One of the most enjoyable aspects of traveling to new places is to come across amazing finds you may not have been expecting. Finding the most popular tourist stops is easy. But, often it’s those hidden gems tucked away down a back-country road, those local treasures that pop up along your travels of fascinating small museums, exceptional natural beauty in a well-preserved state park, extensive regional historical or archeological collections, and galleries showcasing the unique artwork and crafts of the talented locals. During a recent visit to western Nebraska, I found all the above and then some.
One of those exceptional finds during my travels in Nebraska was the Petrified Wood & Art Gallery in Ogallala. Identical twin brothers, Harvey and Howard Kenfield, have dedicated much of their lives to collecting Indian artifacts, gemstones, fossils, and petrified wood. Both talented artists, the brothers, create beautiful and unusual art pieces from their collection of petrified wood and gemstones.
What is petrified wood? In one of nature’s many complex and stunning processes, a once living trees organic tissue is, over time, replaced by silica and other minerals. The result leaves the tree turned into stone, but not just any old stone. Petrified wood is filled with vibrant colors, dazzling designs, and even displays the trees age rings. When polished, the wood is even more beautiful. It is from this wonder of nature and unique canvas that Harvey and Howard create their amazing works of art.
It was a special treat to wander through the gallery and find both Harvey and Howard (89 years young when I was there) were on-hand to answer questions and talk about their collections, their art, and most of all, their life-long passion. “We were never ones to go out and raise the devil. We stayed around home and worked on our projects,” said Howard.
In the early 1950s, after serving together in the 24th Infantry Division in Korea, the brothers returned home to Ogallala to find jobs and start families. Over the many years, their hobby of rock collecting evolved into cutting and polishing their finds. In 1976 they built their first Petrified Wood Gallery. The gallery became extremely popular with school tours and tourists, and was even included in National Geographic’s book “Best-Out-of-the-Way Places to Visit in the U.S.” In 2000, Harvey and Howard donated their private collection to the local nonprofit community foundation with the stipulation it stays in Ogallala.
Now, only about a decade away from being centenarians, the brothers continue to spend time in the gallery immersed in their life-long passion. What started as a spare-time hobby for them has since grown into a large museum and gallery to showcase their extraordinary artwork and collections. Their masterful creations consist of hand-crafted petrified wood pictures. Many of the pictures depict Old West scenes. With exacting detail, the brothers create pictures of birds, flowers, prairie scenes and music boxes. Each piece may include hundreds of tiny pieces of petrified wood painstakingly placed by hand.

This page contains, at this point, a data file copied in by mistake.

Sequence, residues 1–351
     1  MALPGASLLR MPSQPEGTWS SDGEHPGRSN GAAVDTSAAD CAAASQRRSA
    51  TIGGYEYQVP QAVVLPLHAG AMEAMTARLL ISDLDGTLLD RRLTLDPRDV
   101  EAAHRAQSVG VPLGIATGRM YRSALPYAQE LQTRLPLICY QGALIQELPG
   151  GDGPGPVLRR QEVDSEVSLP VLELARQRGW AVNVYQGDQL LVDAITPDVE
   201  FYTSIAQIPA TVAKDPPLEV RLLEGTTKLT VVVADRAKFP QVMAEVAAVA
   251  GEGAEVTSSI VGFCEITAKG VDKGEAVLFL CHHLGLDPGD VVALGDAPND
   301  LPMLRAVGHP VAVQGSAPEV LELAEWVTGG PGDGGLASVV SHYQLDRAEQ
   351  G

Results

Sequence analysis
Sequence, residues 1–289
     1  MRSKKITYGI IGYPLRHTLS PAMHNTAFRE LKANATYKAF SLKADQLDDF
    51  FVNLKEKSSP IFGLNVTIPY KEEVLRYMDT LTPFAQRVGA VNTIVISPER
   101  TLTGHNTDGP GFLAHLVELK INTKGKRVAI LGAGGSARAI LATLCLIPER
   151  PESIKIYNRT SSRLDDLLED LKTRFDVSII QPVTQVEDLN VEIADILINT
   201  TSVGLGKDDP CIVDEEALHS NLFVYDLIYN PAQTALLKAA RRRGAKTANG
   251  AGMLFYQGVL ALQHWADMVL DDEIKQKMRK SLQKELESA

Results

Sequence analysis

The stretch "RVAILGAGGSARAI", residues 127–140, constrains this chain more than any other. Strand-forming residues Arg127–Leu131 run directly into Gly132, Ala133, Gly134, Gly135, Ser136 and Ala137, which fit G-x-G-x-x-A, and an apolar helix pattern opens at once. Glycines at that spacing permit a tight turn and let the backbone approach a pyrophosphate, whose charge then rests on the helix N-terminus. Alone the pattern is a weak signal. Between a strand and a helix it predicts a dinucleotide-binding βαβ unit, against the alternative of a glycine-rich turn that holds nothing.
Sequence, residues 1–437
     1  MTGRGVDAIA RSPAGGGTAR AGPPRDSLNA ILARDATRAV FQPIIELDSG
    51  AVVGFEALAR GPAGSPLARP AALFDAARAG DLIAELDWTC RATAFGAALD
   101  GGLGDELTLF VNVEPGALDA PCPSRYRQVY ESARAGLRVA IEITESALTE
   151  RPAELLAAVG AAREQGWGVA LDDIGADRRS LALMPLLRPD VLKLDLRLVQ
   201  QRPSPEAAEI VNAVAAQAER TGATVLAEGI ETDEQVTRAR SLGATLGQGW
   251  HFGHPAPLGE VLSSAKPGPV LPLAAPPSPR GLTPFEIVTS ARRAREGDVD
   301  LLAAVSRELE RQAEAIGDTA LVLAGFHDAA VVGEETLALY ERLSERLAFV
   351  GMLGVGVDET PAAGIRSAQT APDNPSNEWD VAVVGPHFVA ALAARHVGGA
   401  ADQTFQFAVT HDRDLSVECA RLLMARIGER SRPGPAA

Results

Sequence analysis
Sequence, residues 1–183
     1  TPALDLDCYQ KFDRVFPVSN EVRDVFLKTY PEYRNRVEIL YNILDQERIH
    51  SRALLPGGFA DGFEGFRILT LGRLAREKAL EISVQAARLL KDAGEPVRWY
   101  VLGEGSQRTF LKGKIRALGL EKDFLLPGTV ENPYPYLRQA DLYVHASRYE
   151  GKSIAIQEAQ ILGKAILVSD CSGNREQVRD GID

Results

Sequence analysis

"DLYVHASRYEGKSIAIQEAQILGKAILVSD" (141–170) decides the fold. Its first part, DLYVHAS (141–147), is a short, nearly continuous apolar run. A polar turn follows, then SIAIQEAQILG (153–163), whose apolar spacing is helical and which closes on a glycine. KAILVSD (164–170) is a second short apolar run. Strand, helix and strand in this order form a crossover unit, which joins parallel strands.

As we wandered through the gallery, the brothers explained how they make their pictures, and shared stories of what might have inspired them to create a particular piece of art. “We use a diamond blade saw and cut narrow strips of the petrified wood to make the pieces,” said Harvey. Using their artist’s eye, many of the art pieces have added accents of gemstones, and other geological finds such as jaspers, agates, and quartz, among others. They also create stunning butterflies and birds from gemstones and petrified wood.
The gallery is also home to an extensive collection of Indian artifacts and arrowheads many found from the local area. Also, on display are other donated works of art. A one-of-a-kind collection of ninety-two pewter figures of Native Americans, cowboys, and cavalry soldiers from the 1960s-90s. A bronze work by J.W. Muir, “Where Ponies Leave No Tracks.” A large marble sculpture of “Chief Sitting Bull,” by Doug Bieniek. Contemporary Native American artist from the Lakota tribe, Melvin Miner’s work, “Four Directions Shield,” is on loan to the gallery.
In addition to locally collected petrified wood, the Gallery display cases are filled with finds from several western states as well as exotic locations such as Brazil, Turkey, Madagascar, Australia and Europe. It’s hard to wander through the Gallery without being in awe of this collection of so many rare pieces that were formed millions of years ago and are here on display for visitors to see.
I would highly recommend for anyone traveling in Western Nebraska, near Ogallala to make sure you take the time to stop at The Petrified Wood & Art Gallery. I promise, you won’t be sorry.
If You Go:
The Gallery, located at 418 East 1st Street in Ogallala, is open year-round with seasonal hours. You can contact them at (308) 284-9996.
For more on western Nebraska, click on the “related links,” below.